This week's book giveaway is in the JavaScript forum.
We're giving away four copies of Svelte and Sapper in Action and have Mark Volkmann on-line!
See this thread for details.
Win a copy of Svelte and Sapper in Action this week in the JavaScript forum!
  • Post Reply Bookmark Topic Watch Topic
  • New Topic
programming forums Java Mobile Certification Databases Caching Books Engineering Micro Controllers OS Languages Paradigms IDEs Build Tools Frameworks Application Servers Open Source This Site Careers Other all forums
this forum made possible by our volunteer staff, including ...
Marshals:
  • Campbell Ritchie
  • Ron McLeod
  • Paul Clapham
  • Bear Bibeault
  • Junilu Lacar
Sheriffs:
  • Jeanne Boyarsky
  • Tim Cooke
  • Henry Wong
Saloon Keepers:
  • Tim Moores
  • Stephan van Hulst
  • Tim Holloway
  • salvin francis
  • Frits Walraven
Bartenders:
  • Scott Selikoff
  • Piet Souris
  • Carey Brown

EJBObject Stub Reference (vs) Client

 
Greenhorn
Posts: 12
  • Mark post as helpful
  • send pies
  • Quote
  • Report post to moderator
Hi
When we say that the EJB client gets a reference to an EJBObject, it is actually the reference to the EJBObject stub implemented by the container. In java inorder to use a reference it is necessary that the user should be aware of the class of the reference. Hence EJBClient should be aware of the EJBObject stub class.
How will the client get the class file of EJBObject stub ?
Regards
Sridevi.
 
Ranch Hand
Posts: 1066
  • Mark post as helpful
  • send pies
  • Quote
  • Report post to moderator
Usually the deployment tools have an option to generate the client stub classes, which are used by the EJB clients.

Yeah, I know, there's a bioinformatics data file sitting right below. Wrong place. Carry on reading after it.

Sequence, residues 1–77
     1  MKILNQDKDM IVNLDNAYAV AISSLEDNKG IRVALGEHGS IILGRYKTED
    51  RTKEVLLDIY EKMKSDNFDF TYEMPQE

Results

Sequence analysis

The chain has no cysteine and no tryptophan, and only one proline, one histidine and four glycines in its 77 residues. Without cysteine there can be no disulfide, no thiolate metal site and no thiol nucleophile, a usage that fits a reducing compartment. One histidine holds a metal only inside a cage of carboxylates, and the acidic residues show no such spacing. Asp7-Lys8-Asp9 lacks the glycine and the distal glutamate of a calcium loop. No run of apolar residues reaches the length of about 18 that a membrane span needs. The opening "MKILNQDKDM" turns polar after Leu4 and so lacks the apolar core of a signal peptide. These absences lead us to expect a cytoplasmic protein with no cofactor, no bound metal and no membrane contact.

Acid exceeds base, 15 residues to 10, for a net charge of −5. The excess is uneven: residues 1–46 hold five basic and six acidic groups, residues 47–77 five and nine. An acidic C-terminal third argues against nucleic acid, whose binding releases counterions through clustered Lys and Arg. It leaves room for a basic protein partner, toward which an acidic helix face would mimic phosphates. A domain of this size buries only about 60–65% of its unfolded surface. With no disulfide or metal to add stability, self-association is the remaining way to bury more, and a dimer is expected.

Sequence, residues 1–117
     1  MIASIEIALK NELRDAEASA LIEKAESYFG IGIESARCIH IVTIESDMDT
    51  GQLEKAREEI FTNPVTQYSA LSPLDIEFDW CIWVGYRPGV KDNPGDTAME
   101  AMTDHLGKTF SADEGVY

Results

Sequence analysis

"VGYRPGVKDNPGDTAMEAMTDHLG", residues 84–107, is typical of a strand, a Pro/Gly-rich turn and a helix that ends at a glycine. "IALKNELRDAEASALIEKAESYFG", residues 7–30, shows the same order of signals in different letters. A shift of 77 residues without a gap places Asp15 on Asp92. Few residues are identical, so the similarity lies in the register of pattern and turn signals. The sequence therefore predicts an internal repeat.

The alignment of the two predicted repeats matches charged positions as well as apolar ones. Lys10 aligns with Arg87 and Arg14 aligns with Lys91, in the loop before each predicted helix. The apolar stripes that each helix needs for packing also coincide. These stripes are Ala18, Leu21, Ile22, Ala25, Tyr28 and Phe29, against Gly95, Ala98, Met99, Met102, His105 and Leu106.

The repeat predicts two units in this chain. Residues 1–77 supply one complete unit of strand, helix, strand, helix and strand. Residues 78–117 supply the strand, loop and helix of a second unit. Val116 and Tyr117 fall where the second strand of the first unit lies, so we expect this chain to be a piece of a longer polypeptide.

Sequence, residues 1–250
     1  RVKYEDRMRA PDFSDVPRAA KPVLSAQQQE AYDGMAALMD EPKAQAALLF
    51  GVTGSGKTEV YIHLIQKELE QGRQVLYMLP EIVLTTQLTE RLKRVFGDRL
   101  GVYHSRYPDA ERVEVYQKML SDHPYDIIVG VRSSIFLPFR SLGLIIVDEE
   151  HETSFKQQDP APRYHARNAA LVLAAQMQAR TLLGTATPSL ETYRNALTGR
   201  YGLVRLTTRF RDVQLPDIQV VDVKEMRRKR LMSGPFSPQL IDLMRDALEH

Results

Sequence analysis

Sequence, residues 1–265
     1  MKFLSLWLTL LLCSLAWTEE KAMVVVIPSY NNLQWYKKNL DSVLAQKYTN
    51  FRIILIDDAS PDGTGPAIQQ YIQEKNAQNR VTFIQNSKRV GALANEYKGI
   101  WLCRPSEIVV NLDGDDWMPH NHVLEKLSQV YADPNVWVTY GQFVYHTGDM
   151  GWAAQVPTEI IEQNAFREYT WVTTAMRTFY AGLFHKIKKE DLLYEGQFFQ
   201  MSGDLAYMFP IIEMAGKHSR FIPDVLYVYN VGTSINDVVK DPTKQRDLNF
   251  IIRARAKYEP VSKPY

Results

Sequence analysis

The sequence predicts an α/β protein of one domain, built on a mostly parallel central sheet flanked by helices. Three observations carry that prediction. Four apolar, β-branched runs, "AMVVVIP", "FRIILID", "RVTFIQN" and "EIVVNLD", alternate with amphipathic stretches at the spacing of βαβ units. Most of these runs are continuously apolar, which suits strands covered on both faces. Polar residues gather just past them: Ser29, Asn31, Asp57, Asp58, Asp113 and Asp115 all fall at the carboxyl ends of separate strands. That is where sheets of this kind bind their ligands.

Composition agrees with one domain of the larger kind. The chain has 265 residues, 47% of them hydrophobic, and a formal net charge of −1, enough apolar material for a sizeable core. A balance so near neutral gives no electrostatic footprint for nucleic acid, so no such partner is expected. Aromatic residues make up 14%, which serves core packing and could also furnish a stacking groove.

Cowgirl and Author
Posts: 1589
5
  • Mark post as helpful
  • send pies
  • Quote
  • Report post to moderator
You're right, for a Remote interface (either home or component) the client will have a reference to a proxy of the EJBObject (or EJBHome) and *not* a reference to the actual object. The client *does* need that class file, but how this happens depends entirely upon your application server (and the environment in which the client is running).
So at compile time, the client needs the interfaces, but at runtime the client needs the interfaces AND the stub classes, but HOW the client gets the classes will vary...
The most straightforward, and perhaps most common way is when the deployment tools generate stub classes, and package them into a "client jar". The client puts this in his classpath, and everything is cool. This client jar may also include the home and component interfaces. Some server/client scenarios can dynamically send the proxy class to the client, in such a way that the client doesn't need to have the stub class physically present prior to runtime.
Remember, the client code is not usually portable, even if the bean is (although that's a good reason to build your client using, say, the ServiceLocator pattern or something like it). You'll have to find out from your app server exactly what the client must know and have in order to run correctly.
cheers,
Kathy
 
Sridevi Sangaiah
Greenhorn
Posts: 12
  • Mark post as helpful
  • send pies
  • Quote
  • Report post to moderator
Thanks Kathy i got what i wanted from your reply. So passing the stub classes to the client is the responsibility of the application server developer.Am I right?
regards
Sridevi
 
You would be much easier to understand if you took that bucket off of your head. And that goes for the tiny ad too!
Building a Better World in your Backyard by Paul Wheaton and Shawn Klassen-Koop
https://coderanch.com/wiki/718759/books/Building-World-Backyard-Paul-Wheaton
    Bookmark Topic Watch Topic
  • New Topic